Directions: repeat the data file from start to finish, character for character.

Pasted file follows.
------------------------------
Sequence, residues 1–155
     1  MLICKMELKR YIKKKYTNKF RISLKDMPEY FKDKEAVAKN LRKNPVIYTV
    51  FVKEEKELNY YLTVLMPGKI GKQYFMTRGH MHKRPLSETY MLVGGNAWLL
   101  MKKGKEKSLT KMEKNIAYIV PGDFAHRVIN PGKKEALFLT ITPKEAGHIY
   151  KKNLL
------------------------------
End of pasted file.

Sequence, residues 1–155
     1  MLICKMELKR YIKKKYTNKF RISLKDMPEY FKDKEAVAKN LRKNPVIYTV
    51  FVKEEKELNY YLTVLMPGKI GKQYFMTRGH MHKRPLSETY MLVGGNAWLL
   101  MKKGKEKSLT KMEKNIAYIV PGDFAHRVIN PGKKEALFLT ITPKEAGHIY
   151  KKNLL